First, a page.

8. i see what daniel is getting at, but it’s an insult to anthropologists to call that anthropology–just float around making condescending observations and have no interaction with people. that’s more like conrad’s clerk in Heart of Darkness. plain ugly. lanois chose the wrong neighborhood to talk about, “locals.”

  9. Why is it that it’s always folks like Lanois who get to define our city with their two-bit observations? What about people who have actually lived here for more than a couple of years or even people that grew up here? When is it our turn? Oh yeah, we don’t get one cause we don’t like, know the right people.
    This move-to-LA-and-live-in-a-bubble attitude is what initially started the whole Eastside debacle. It’s cause folks didn’t know better and just started copying their newbie clueless and geographically challenged friends. Who cares where the Eastside really is? Who cares if this food is Guatemalan, Mexican or Salvadoran? It’s all the same in their eyes.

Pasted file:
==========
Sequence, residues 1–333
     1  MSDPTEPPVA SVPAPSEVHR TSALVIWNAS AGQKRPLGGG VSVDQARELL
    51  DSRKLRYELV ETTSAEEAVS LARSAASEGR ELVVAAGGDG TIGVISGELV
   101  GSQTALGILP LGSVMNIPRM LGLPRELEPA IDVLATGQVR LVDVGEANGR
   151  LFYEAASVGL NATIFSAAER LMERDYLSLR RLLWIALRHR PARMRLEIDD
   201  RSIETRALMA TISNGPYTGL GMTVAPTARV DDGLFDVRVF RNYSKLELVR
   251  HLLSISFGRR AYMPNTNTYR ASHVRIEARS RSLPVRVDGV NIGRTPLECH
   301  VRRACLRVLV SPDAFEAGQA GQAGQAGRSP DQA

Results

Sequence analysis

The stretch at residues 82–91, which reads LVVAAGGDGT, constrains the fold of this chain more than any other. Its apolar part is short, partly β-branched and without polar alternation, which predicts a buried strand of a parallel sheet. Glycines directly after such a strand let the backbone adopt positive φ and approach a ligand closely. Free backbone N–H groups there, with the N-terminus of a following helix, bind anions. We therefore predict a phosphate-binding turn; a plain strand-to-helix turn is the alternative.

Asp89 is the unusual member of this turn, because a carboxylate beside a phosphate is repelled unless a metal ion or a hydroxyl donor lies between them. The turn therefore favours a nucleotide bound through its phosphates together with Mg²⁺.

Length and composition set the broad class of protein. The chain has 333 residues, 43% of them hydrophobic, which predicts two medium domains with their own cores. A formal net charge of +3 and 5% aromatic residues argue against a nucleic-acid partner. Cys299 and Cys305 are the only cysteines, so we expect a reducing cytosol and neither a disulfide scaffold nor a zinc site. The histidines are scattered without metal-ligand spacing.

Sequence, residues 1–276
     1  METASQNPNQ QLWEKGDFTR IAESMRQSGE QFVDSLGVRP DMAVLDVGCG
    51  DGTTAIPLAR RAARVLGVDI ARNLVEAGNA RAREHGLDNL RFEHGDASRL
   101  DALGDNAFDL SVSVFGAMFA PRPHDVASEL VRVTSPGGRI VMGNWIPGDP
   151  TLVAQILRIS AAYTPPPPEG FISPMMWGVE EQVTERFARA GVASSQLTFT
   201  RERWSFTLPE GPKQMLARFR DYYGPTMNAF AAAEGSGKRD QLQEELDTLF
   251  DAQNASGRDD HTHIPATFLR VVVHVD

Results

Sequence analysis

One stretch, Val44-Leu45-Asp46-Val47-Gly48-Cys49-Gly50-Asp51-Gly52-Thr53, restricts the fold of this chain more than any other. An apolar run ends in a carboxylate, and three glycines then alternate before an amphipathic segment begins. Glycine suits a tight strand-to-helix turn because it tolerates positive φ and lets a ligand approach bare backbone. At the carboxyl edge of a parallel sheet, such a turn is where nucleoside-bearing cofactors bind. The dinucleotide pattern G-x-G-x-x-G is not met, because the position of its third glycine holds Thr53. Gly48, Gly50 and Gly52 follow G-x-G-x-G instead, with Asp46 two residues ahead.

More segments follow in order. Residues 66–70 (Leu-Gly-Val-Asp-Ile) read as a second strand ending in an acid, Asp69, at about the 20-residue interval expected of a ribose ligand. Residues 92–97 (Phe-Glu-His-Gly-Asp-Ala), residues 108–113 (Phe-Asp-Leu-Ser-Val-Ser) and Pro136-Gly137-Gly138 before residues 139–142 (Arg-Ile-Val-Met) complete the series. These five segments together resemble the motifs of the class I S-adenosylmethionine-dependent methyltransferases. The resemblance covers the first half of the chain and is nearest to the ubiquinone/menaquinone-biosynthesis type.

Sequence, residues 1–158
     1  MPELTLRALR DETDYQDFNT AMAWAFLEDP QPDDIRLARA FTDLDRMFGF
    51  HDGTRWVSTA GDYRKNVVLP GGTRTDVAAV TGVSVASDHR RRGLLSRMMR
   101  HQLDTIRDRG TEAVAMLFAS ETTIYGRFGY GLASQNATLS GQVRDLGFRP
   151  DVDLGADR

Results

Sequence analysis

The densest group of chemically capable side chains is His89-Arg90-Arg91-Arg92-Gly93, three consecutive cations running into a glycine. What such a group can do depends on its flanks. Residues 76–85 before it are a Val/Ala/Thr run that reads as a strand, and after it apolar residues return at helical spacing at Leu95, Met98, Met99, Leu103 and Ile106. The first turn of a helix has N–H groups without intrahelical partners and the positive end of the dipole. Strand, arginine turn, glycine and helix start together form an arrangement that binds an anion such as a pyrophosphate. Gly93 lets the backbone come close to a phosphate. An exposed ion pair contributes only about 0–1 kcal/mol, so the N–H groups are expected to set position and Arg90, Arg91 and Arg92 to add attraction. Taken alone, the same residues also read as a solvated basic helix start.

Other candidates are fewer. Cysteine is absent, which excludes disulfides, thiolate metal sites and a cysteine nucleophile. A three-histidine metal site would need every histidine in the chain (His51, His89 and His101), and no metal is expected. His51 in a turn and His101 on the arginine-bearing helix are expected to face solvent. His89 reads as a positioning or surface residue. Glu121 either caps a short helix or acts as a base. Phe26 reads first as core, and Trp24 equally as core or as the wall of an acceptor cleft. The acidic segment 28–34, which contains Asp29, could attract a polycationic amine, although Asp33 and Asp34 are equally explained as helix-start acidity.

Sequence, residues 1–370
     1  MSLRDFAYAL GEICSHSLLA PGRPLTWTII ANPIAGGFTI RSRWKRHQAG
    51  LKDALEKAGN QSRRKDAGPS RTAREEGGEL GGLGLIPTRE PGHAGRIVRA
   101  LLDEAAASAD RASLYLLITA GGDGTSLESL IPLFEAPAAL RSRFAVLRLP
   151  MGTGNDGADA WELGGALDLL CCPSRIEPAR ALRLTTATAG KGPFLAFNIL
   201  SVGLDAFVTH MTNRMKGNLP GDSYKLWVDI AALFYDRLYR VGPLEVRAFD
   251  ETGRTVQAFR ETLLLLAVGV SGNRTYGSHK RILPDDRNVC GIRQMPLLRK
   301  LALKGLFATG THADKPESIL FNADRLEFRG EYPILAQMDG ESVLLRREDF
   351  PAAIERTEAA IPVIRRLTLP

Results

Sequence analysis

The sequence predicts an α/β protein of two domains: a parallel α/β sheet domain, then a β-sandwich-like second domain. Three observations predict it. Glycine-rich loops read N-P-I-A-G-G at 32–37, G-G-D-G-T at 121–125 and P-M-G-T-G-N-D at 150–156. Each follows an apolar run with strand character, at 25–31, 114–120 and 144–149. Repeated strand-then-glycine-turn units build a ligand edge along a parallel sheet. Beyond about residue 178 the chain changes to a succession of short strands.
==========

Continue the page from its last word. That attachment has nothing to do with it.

10. Read it. Lame. I think he was the guy who produced U2 records after Brian Eno did it.

    Echo Park has been getting trendy with middle class whites for a decade, not two years.

    “postmodern” means different things to different people, but he is still too caught up in being modern. Gentrification is modernity.

  11. This guy produced some records for U2 and made them sound like pussies. Somehow, this connects to Bono shilling products for that (RED) project.